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Cats and Dogs

Cindy Lawley
| Jan 13, 2014

International Plant & Animal Genome (PAG) XXII has officially started and I am already exhausted. There were two full days of exciting species-specific talks before the official opening, and my inner "Energizer bunny" stepped up to the plate! Inevitably I had a talk in one session (the domestication of the tomato) and I desperately wanted to see another talk in another session (alternative splicing in Brassica napus) at the same time. And traversing the gauntlet between sessions without seeing six people I desperately want to talk to is absolutely impossible. I love it!  Here are some highlights from my meeting experience thus far.

On Friday there was the AgENCODE project, which included a presentation by Ewan Birney that provided my favorite analogy at the moment. He highlighted how important consortia and collaborations are in the current funding environment. Individuals (in this case, researchers) tend to be trained with a "cat" mentality: Cats walk alone, independent and proud. The current funding environment and opportunities for partnership with new technologies require a "dog" mentality: Dogs hunt in packs to bring down their prey. The entire AgENCODE session was well organized and Illumina was proud to be a sponsor. We look forward to working with various animal species communities to drive improvements in genome assembly, RNA-Seq, DNaseI Seq, Hi-C, bisulfite sequencing, methyl-seq, and more that will be pivotal to fuel the next revolution in animal genomics. 

Saturday was a whirlwind. In the buffalo genome session, I discussed tools for supporting marker-assisted selection methods now and in the future. The presentation included array methods as well as preliminary data from a study in collaboration with Parco Tecnologico Padano’s Daniela Lamartino] using genotyping by sequencing (GBS) with the HiSeq System. After that I tried (unsuccessfully) to get into the Brassica session (it was packed, like pushing-the-limits-of-the-fire-code packed). I saw about 20 seconds of Dave Edwards's talk while I navigated from one door to the other (blocking others’ view on my way, sorry all!), and he seemed engaging and informative, as usual. 

The afternoon saw me at Nick Tinker's talk where he presented on using GBS with the oat genome in collaboration with Jesse Poland from USDA. Nick was a great speaker and co-coordinator of the oat session. He announced an award of appreciation for the wonderfully disruptive (in a good way) impact of Eric Jackson to the entire oat-breeding community. From there, I headed to the conservation genetics session, where I heard talks on the poplar tree, rainbow trout, and condor. The condor presentation was co-authored by Stephan Schuster (Penn State) and the San Diego Zoo's Oliver Ryder (among others). This project included sequencing with > 80× coverage using paired-end reads and 3× coverage using synthetic long reads (even at just 3× coverage, the assembly noticeably improved). The assembly will be an important reference for efforts seeking to maximize diversity in the condor population. The day wrapped with the Canadian Genome Centres reception, which had a phenomenal attendance. It was delightful to celebrate the impact these institutions have had on improving access to genomic tools for Canadian researchers.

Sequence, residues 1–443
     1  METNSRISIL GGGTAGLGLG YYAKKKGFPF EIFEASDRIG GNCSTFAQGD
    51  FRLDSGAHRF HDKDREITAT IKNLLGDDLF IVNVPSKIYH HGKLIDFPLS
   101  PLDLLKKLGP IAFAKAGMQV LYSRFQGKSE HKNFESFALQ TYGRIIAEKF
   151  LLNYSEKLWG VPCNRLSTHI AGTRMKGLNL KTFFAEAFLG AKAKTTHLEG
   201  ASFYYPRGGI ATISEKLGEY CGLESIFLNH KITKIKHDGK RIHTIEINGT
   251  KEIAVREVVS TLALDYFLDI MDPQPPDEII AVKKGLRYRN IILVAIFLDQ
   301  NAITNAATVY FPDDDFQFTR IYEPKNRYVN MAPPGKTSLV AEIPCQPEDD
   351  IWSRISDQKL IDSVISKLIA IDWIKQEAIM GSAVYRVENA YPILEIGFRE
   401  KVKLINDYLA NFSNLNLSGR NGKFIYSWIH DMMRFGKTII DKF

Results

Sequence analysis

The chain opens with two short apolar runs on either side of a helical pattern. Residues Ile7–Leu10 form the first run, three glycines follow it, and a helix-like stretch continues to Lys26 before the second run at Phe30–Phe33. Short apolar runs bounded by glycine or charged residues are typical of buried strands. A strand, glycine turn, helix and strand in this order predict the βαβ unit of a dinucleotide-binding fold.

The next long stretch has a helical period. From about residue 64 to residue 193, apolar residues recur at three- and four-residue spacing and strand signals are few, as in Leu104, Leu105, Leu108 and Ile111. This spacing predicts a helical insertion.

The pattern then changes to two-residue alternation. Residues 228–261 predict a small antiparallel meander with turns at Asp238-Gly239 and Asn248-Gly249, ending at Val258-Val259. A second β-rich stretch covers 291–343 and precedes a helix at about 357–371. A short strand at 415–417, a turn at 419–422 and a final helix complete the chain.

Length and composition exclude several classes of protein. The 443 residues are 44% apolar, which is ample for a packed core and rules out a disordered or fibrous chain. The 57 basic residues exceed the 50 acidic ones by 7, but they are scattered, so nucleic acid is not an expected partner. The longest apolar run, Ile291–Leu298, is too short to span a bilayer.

Sunday was another full day. There were animal talks in the bovine, sheep, and goat session about everything from the 1,000 bull genomes project to the microbiome of gut rumen for predicting greenhouse gas impacts (wow, right?). I was sad to have missed the update on the equine genome assembly EquCab3 and hope to catch up with Jim Reecy and Ted Kalbfleisch on the exciting annotation updates. So bummed that I also missed the sessions about forest trees—so many great talks, so little time! My favorite talk of Sunday—I admit that I am biased—was the wonderfully crafted presentation by Amanda Hulse on the Cotton SNP Chip we developed in collaboration with many institutions, including Texas Agrilife Research, the Commonwealth Scientific and Industrial Research Organisation (CSIRO), UC Davis, Brigham Young University, CIRAD, Dow Agrosciences, and several other thought leaders in the cotton genotyping community who were instrumental in driving that effort. It was a highlight of my year to work with this group and successfully build this important tool. The chip targets intraspecific SNPs (Gossypium hirsutum), but includes 20% of interspecific SNPs that will be key to driving new discoveries for introgression and crossing into the commercial lines. I look forward to seeing updates from this community as their data start rolling in! The day was wrapped up nicely by Ewan Birney's presentation in the plenary and the opening of the booths, where I was able to connect with dear friends and collaborators.  

I hope your PAG experience is going as well as mine. Keep your ear to the ground for exciting updates from the Illumina workshop on Tuesday, January 14 at 4:00 p.m. in the Golden West Ballroom.  See you on Twitter (@taylorlawley) if I don't see you in person!